I grew up on the tropical island of Mauritius, where academic prowess is highly regarded. I come from a family of scientists and from a very young age, I was expected to compete and do my best. For my father, that meant winning. Being second was not good enough. I had a pretty stellar school career. I majored in the sciences and landed a state-funded scholarship for a medical degree at a British university. I graduated in the top of my year, secured my first choice pediatric rotation, and passed my specialist exams within three years.

But throughout my training, I secretly indulged in another passion I had: Writing.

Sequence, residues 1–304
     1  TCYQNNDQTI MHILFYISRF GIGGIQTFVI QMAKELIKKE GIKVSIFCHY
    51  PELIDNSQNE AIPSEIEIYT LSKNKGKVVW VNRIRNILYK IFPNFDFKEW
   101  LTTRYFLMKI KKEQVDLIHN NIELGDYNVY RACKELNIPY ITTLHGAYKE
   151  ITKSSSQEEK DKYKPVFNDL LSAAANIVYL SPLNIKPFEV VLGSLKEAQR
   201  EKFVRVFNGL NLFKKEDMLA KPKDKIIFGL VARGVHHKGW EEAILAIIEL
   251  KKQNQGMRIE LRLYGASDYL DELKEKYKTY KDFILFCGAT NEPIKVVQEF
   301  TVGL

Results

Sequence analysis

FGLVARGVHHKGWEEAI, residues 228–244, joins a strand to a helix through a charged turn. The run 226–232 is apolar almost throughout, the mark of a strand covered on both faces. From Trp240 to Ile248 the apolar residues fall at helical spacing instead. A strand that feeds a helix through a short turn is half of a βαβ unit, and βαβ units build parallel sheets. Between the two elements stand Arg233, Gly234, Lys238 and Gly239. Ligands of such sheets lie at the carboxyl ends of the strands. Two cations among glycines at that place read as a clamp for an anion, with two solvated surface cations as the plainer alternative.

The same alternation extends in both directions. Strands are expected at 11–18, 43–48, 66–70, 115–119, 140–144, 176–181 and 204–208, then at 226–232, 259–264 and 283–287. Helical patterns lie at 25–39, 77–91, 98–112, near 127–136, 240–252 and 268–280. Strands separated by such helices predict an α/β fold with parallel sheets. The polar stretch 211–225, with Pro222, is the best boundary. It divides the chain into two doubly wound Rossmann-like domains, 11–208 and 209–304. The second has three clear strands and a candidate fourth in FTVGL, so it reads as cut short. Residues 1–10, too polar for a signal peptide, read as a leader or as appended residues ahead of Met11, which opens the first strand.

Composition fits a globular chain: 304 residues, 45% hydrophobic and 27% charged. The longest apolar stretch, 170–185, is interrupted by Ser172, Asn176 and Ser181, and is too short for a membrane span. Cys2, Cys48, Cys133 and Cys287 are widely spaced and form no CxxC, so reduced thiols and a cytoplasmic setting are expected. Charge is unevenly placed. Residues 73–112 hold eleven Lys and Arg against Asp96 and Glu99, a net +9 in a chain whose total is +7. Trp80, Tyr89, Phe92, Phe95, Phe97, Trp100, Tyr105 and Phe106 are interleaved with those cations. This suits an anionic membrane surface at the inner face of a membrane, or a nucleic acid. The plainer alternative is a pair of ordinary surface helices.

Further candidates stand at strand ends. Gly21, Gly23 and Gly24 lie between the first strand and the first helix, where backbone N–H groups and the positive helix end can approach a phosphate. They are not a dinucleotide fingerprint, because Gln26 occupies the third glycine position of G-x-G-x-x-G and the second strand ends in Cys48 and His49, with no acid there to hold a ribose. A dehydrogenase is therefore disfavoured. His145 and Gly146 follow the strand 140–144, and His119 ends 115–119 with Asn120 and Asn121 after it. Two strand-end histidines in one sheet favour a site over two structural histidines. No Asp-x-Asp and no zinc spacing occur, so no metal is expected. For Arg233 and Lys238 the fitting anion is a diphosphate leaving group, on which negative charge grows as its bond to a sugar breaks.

My father was an avid book collector and would take me to dusty old bookshops in the capital from when I was four. In addition to instilling in me the drive for success, he also taught me to love books. I started writing at twelve, and by the time I left the island at the age of twenty, I had written several short stories, two novels, and was a third of the way into my third novel. All throughout my education and training, I kept telling myself that I would write full time when I retired from medicine.

With just a few years left before becoming a full-fledged consultant, I quit full-time medicine. I was not happy with the direction my life had taken and the changes happening in the National Health Service. I became an agency doctor, with flexible working hours, better money, and the ability to work all over the country.

Six months later, on a train journey to London, the three characters that would drive me back to my writing desk walked into my head and wouldn't stop talking to me. And that’s when it really hit me. Why wait until I retire? Writing is what I want to do now.